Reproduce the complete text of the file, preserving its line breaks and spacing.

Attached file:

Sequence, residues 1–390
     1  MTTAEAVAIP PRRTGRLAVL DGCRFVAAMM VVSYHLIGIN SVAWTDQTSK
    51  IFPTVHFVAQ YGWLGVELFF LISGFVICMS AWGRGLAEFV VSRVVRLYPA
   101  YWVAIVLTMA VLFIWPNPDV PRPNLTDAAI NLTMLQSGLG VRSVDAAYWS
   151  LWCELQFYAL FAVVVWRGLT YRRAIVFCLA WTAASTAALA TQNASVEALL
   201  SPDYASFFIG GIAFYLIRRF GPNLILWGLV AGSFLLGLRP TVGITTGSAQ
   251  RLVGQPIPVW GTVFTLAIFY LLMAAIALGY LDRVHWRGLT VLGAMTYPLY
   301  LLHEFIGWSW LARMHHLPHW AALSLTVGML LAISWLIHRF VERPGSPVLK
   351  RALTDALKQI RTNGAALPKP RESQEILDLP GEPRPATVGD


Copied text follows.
Sequence, residues 1–390
     1  MTTAEAVAIP PRRTGRLAVL DGCRFVAAMM VVSYHLIGIN SVAWTDQTSK
    51  IFPTVHFVAQ YGWLGVELFF LISGFVICMS AWGRGLAEFV VSRVVRLYPA
   101  YWVAIVLTMA VLFIWPNPDV PRPNLTDAAI NLTMLQSGLG VRSVDAAYWS
   151  LWCELQFYAL FAVVVWRGLT YRRAIVFCLA WTAASTAALA TQNASVEALL
   201  SPDYASFFIG GIAFYLIRRF GPNLILWGLV AGSFLLGLRP TVGITTGSAQ
   251  RLVGQPIPVW GTVFTLAIFY LLMAAIALGY LDRVHWRGLT VLGAMTYPLY
   301  LLHEFIGWSW LARMHHLPHW AALSLTVGML LAISWLIHRF VERPGSPVLK
   351  RALTDALKQI RTNGAALPKP RESQEILDLP GEPRPATVGD